Price reduction: a remedy to adjust contracts.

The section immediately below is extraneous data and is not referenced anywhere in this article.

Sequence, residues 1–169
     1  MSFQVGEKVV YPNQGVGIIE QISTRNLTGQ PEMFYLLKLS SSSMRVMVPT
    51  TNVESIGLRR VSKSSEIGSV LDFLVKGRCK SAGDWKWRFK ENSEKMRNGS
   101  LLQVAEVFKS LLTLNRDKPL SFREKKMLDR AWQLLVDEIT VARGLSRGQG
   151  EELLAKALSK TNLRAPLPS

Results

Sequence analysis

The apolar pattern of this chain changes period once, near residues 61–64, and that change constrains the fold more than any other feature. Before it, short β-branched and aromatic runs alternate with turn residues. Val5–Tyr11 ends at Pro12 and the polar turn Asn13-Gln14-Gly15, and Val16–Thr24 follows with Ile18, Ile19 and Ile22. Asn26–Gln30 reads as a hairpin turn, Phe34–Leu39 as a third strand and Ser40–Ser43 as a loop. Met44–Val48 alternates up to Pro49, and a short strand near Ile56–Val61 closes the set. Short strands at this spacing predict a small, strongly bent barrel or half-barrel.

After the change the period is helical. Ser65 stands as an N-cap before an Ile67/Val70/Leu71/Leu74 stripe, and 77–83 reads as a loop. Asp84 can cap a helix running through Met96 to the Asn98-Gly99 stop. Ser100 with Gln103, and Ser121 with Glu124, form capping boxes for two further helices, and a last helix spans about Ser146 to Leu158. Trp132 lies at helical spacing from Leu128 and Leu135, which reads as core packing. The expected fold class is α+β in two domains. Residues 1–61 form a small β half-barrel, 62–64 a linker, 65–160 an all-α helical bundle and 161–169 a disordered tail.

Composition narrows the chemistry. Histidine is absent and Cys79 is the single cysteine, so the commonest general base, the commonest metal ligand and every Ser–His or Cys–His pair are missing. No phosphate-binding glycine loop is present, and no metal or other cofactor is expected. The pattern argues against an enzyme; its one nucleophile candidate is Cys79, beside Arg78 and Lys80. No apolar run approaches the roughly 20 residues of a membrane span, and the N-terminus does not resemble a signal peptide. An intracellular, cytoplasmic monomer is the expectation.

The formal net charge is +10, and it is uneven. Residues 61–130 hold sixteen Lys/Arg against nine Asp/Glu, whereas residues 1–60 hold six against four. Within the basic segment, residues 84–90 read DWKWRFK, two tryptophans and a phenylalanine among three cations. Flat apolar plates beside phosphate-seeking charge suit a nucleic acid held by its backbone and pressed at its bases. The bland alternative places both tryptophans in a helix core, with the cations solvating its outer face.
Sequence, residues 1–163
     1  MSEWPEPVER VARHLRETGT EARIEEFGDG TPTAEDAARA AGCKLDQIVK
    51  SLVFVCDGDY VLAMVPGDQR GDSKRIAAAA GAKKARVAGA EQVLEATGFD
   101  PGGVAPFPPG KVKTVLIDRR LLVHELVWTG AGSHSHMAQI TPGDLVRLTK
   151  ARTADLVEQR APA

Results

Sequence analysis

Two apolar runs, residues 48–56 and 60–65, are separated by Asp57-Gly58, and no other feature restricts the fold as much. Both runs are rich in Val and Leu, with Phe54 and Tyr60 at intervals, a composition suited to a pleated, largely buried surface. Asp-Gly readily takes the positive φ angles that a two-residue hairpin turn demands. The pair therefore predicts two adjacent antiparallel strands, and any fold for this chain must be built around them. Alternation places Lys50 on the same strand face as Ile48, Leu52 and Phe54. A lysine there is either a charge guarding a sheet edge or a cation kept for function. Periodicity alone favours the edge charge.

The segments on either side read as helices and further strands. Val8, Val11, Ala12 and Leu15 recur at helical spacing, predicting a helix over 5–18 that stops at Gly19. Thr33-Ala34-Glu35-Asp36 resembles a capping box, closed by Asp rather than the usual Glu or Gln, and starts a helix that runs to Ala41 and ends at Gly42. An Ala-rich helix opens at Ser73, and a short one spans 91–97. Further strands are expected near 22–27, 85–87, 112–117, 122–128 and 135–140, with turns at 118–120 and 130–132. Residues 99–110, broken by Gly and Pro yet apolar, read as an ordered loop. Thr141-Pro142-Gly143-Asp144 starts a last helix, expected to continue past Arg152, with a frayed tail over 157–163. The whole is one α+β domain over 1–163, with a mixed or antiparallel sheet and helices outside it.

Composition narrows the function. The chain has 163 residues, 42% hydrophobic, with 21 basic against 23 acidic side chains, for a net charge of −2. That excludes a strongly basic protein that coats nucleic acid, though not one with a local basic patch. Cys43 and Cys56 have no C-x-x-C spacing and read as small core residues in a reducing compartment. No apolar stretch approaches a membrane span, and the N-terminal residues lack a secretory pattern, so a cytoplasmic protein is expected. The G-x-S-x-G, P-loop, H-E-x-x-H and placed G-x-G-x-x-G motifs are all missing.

At first sight, price reduction is not considered to be a general remedy for breach of contract or force majeure in Belgian law. Nevertheless, price reduction as a remedy is recognized in article 50 of the CISG, in Dutch law (partial termination), in the European initiatives of harmonization of private law (DCFR and PECL), and in a proposal for a regulation on a Common European Sales Law (CESL). First, we will discuss specific applications (in sales and tenancy contracts) of price reduction as a remedy for partial failure to fulfill obligations in situations of force majeure and of imputable shortcomings. A clear example of price reduction in Belgian law is the actio quanti minoris (Art. 1644 CC) in sales contracts. Another example is the custom in French and Belgian law to remedy small shortcomings (e.g. in quality or in quantity) in the performance with a réfaction (i.e. a price reduction in commercial sales contracts). In a second part, we have to search for the principle underlying the 'remedy of price reduction' (this might be partial termination, damages, the ENAC, good faith/equity, the prohibition of abuse of rights, ...). Thirdly, we check whether or not it is possible to induce from these concrete applications and principle(s) a typology or a general application of price reduction to adjust contracts. Lastly, it is important to critically assess the utility of price reduction as a remedy in light of general principles of civil law.